It may be a nasty equation for cow-calf producers and their herds: hard winter + tight and low-quality feed supplies = added stress. With that added stress, say two Michigan State University Extension specialists, comes additional ailments, especially calf scours.
However, they say, a well-rounded management plan for calving season could keep calf scours away, or at least controlled.
Scours is a term for diarrhea; another term that may be applied to this disease is enteritis, which means inflammation of the intestinal tract, says Kevin Gould of MSU Extension and Dan Grooms, DVM, MSU College of Veterinary Medicine. Most cases occur within the first month of life.
There are a variety of causes of scours in baby calves, including:
• Viruses: Examples include rotavirus and coronavirus, bovine virus diarrhea virus
• Parasites: such as Cryptosporidium and coccidian
• Bacteria: Certain strains of Escherichia coli, Salmonella, and Clostridium perfringens
• Scours: often caused by more than one of these infectious agents acting together
Research has shown that a substantial proportion of normal, healthy-appearing adult cattle can shed many of the infectious agents that cause calf scours, Gould and Grooms say. These agents are mostly shed in fecal matter, and shedding is particularly common for rotavirus, coronavirus, and cryptosporidium.
Studies have demonstrated that many pathogens responsible for scours are shed in the normal-appearing feces of healthy, pregnant beef cows. Shedding increases as the pregnant cows approached their calving date, and is heaviest in heifers.
Healthy older calves can become infected with these agents, remain otherwise healthy, and shed large numbers of these agents into the environment, thereby contributing to accumulation of these agents in high enough numbers on a farm that a calf scours outbreak occurs. Shedding tended to increase after cold weather, Gould and Grooms say.
Variability in the incidence of scours from farm to farm and year to year likely reflects the fact that the rate of occurrence is influenced by many different factors, Gould and Grooms say. With respect to scours these factors may include:
• Nutritional status of the cow herd: Protein, energy and micronutrient (mineral and vitamin) malnutrition during the latter half of gestation will likely affect calf health
• Age of the cow: Calves born to heifers are at higher risk of developing scours.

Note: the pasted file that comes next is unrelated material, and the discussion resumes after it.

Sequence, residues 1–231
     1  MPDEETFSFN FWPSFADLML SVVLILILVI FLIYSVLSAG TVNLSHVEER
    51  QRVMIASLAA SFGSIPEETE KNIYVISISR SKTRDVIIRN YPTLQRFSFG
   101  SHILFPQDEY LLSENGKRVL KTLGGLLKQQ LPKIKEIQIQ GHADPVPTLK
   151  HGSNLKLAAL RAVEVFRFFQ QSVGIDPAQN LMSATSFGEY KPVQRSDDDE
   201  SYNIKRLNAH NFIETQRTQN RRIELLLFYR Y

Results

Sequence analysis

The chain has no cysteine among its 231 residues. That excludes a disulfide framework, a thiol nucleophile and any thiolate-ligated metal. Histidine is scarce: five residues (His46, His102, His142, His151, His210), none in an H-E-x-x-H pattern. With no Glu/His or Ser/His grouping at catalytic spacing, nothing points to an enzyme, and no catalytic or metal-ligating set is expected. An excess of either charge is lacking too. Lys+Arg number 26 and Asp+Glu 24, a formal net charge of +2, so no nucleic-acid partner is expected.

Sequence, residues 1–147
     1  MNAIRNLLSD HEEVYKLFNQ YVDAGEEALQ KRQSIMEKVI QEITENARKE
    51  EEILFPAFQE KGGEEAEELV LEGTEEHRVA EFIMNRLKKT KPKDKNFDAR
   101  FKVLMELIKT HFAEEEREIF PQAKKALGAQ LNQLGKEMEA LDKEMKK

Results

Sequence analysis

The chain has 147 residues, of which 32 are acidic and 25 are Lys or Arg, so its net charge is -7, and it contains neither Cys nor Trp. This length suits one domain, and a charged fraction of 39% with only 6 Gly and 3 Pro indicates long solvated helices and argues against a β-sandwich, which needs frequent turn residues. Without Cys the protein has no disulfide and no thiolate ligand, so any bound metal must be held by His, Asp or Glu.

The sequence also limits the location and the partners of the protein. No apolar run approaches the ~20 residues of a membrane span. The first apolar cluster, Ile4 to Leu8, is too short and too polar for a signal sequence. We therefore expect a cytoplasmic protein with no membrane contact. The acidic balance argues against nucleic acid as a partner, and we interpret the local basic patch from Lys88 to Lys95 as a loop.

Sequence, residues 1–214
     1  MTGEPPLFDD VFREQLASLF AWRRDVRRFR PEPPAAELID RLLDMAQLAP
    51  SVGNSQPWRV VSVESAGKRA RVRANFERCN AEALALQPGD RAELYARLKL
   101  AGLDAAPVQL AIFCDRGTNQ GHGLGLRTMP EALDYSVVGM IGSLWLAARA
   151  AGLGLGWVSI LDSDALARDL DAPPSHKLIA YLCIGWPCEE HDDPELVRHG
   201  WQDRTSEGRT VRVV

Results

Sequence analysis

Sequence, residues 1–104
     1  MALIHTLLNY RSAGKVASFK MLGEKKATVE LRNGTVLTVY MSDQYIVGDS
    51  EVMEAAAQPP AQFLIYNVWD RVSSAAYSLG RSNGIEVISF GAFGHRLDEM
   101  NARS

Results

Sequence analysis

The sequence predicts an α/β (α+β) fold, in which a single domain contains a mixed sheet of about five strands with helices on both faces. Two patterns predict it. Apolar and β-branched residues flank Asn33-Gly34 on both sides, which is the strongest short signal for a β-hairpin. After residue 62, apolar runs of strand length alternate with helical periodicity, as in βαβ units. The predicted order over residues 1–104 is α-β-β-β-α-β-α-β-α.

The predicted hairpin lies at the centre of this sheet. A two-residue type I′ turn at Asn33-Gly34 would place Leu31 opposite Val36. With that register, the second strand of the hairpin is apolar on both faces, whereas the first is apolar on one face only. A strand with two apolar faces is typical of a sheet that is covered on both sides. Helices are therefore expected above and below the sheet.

• Duration of time in one area: In general, the longer that cattle are kept on any calving area, the more fecal contamination occurs. This translates to more scours risk for calves
• Weather: Cold, wet, windy weather will cause cattle to congregate together sheltered areas. As the amount of fecal contamination increases in these areas, so will the amount of scours agents. Wet conditions favor survival of these agents in the environment. Also, when the cows lay down, whatever is on the ground is going to contact their udder – and therefore be taken in by the calf when it nurses. Cold weather also increases the rate of shedding of certain agents by the cows.
• Immunization status of the cow herd: This influences the availability of antibodies in the colostrum that may help protect the calf against certain scours-causing agents.
• Stocking rate: Scours risk increases with higher stocking rates, especially in the calving and post calving area.
• The number of calves infected: Once infected, calves can produce millions, even billions, of infectious agents each day. This can cause the number of affected calves to increase rapidly.
• Sanitation: Clean calving and post calving areas reduce the risk of sours.
• Genetic makeup of the herd: This is always tough to quantify and verify, but certain breeds and lines appear to have heartier newborns than others.
Winter has added significant stress in many cow-calf operations, Gould and Grooms add. Planning ahead with a prevention strategy followed by close observation and immediate treatment can improve calf health and lower mortality rates.
Watch for part two on this topic later this week regarding prevention, symptoms and treatment.
Source: MSU Extension
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